Friday, February 3, 2012

Post-Divorce Problems: Who has to pay for College?

In Massachusetts, the court has the authority to order divorced parents to contribute something to their children’s college education expenses.  Usually the court won’t deal with this at trial unless the children are almost of age to attend college, but most agreements will address the issue in some way.

When it comes to the payment of college education expenses, the specific language that your Separation Agreement contains is very important. Many agreements require parents to contribute in proportion to their incomes and abilities at the time the college bill becomes due. However, if your agreement states that you are to share equally, then that could require you to contribute one half of the cost. How educational costs are defined by the agreement could differ greatly and the specific language of your Separation Agreement will be key to determining exactly what you are required to pay. And if you are required to pay a specific amount and you don't you could be liable for Contempt sanctions.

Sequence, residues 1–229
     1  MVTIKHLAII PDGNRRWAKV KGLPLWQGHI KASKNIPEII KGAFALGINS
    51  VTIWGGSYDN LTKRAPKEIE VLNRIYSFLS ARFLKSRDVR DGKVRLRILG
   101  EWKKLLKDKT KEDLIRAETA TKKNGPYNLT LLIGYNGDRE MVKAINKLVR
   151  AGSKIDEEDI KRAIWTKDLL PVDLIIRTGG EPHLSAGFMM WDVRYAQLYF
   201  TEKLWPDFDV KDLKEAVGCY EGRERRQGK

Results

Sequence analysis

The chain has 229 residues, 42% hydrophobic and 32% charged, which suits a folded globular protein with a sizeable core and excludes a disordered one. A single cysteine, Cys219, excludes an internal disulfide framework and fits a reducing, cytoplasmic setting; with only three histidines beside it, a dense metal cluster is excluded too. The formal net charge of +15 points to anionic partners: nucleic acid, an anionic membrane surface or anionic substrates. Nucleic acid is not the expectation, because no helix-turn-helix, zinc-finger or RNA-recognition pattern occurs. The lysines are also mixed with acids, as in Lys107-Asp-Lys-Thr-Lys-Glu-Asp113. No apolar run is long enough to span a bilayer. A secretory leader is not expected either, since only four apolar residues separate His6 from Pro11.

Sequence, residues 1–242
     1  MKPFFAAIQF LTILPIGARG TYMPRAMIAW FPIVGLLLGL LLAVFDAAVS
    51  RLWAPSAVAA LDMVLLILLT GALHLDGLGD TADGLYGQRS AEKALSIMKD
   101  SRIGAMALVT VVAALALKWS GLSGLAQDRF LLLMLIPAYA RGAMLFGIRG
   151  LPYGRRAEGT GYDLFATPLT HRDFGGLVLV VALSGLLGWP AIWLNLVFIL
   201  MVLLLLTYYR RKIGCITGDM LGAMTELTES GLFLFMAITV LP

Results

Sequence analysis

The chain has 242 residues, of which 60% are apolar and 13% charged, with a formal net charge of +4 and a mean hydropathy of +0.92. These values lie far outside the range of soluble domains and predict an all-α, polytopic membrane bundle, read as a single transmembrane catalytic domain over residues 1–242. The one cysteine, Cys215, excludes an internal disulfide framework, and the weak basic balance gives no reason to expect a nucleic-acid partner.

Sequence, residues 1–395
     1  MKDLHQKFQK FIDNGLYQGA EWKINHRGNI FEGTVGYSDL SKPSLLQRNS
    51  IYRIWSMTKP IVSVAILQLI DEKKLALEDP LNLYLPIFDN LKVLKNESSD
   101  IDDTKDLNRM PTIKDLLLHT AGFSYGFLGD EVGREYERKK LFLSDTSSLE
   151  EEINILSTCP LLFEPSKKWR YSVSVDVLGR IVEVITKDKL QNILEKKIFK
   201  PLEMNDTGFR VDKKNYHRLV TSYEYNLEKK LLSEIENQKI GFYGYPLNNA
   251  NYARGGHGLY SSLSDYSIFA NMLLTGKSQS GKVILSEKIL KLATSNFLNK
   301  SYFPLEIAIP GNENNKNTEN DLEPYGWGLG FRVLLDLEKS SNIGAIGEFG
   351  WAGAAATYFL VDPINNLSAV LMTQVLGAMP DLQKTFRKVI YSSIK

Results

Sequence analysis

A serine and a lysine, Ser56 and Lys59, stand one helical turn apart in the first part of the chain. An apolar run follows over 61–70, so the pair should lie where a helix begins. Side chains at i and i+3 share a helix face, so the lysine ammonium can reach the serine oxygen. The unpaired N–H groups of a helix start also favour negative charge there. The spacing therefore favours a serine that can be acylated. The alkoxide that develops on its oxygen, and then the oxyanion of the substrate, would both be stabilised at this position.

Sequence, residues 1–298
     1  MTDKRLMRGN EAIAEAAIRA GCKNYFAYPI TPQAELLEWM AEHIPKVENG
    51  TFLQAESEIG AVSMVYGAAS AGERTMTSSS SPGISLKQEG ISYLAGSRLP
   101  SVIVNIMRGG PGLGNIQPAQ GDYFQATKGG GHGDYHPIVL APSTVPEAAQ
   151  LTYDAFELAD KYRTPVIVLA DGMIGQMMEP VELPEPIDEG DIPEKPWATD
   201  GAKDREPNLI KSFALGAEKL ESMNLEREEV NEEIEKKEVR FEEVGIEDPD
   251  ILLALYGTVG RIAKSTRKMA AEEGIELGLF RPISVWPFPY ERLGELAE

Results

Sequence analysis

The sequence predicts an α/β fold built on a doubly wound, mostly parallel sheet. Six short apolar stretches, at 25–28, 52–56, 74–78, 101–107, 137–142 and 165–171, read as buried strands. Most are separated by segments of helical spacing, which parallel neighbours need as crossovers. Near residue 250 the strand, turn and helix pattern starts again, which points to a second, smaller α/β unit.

If the issue of payment of college is modifiable in your agreement or defined vaguely or not at all, then when it comes time to determine how the college education expenses are going to be split, you should try to reach agreement with your ex-spouse on this issue.  If you are able to agree to a change with your ex (either directly, through mediation, or through collaborative negotiation) then you can file an agreement with your Complaint and request an uncontested hearing approving the division.

If your agreement is vague and you can’t agree, then you must file a Complaint for Modification to have the court determine contributions.  If you have a specific agreement, but it is modifiable and you do not think you can afford to contribute an equal share for college, then you may want to seek modification of this clause by filing a Complaint for Modification.

If this issue is put before a Judge, many Judges are reluctant to order parents to contribute more than one third or one half of the cost of a state school. Of course, this also depends on the financial abilities of the parents.

Often child support and/or alimony orders may also be changed by a Judge if college education expenses are going to be added to the total support obligation.

Click here to learn more about filing a Complaint for Modification.

1 comment:

  1. I love that children of- non divorced parents have no college guarantee, but once again crooked family court will overstep there bounds, ignore Constitutional rights, and force people to pay. Many people pay for there own educations and many dont attend college. Just one more illegal overstepping by "family " court.


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